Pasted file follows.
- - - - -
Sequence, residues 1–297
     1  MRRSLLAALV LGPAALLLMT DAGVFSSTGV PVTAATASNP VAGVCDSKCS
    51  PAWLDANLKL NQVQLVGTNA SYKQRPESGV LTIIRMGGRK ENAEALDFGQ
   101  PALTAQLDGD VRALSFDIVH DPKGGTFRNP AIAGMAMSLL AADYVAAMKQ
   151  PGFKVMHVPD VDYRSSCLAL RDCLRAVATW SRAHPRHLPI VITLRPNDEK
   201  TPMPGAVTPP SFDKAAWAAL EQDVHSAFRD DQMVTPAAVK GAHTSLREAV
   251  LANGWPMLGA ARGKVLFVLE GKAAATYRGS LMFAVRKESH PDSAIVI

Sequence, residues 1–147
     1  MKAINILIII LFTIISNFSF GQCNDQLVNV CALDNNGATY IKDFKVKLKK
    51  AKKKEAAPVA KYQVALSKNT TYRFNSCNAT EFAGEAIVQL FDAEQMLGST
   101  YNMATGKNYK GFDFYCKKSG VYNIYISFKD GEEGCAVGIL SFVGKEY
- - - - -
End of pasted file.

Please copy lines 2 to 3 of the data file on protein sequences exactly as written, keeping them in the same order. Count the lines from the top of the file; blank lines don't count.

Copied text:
     1  MRRSLLAALV LGPAALLLMT DAGVFSSTGV PVTAATASNP VAGVCDSKCS
    51  PAWLDANLKL NQVQLVGTNA SYKQRPESGV LTIIRMGGRK ENAEALDFGQ